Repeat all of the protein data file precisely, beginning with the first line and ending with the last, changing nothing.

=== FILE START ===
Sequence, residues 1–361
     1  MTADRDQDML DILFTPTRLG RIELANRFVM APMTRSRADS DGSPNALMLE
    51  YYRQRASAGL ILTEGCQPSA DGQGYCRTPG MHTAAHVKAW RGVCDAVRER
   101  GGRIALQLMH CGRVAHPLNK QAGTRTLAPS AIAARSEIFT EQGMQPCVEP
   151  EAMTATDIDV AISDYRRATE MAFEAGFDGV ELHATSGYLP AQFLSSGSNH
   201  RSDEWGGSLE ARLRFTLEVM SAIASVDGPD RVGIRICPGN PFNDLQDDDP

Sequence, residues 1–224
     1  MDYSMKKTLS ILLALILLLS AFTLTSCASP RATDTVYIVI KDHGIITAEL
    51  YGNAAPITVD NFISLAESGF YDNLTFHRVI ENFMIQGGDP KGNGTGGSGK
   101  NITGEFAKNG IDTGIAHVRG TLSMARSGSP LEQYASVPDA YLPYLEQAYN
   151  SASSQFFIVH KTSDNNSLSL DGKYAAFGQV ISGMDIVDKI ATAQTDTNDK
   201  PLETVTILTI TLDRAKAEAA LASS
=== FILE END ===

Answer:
Sequence, residues 1–361
     1  MTADRDQDML DILFTPTRLG RIELANRFVM APMTRSRADS DGSPNALMLE
    51  YYRQRASAGL ILTEGCQPSA DGQGYCRTPG MHTAAHVKAW RGVCDAVRER
   101  GGRIALQLMH CGRVAHPLNK QAGTRTLAPS AIAARSEIFT EQGMQPCVEP
   151  EAMTATDIDV AISDYRRATE MAFEAGFDGV ELHATSGYLP AQFLSSGSNH
   201  RSDEWGGSLE ARLRFTLEVM SAIASVDGPD RVGIRICPGN PFNDLQDDDP

Sequence, residues 1–224
     1  MDYSMKKTLS ILLALILLLS AFTLTSCASP RATDTVYIVI KDHGIITAEL
    51  YGNAAPITVD NFISLAESGF YDNLTFHRVI ENFMIQGGDP KGNGTGGSGK
   101  NITGEFAKNG IDTGIAHVRG TLSMARSGSP LEQYASVPDA YLPYLEQAYN
   151  SASSQFFIVH KTSDNNSLSL DGKYAAFGQV ISGMDIVDKI ATAQTDTNDK
   201  PLETVTILTI TLDRAKAEAA LASS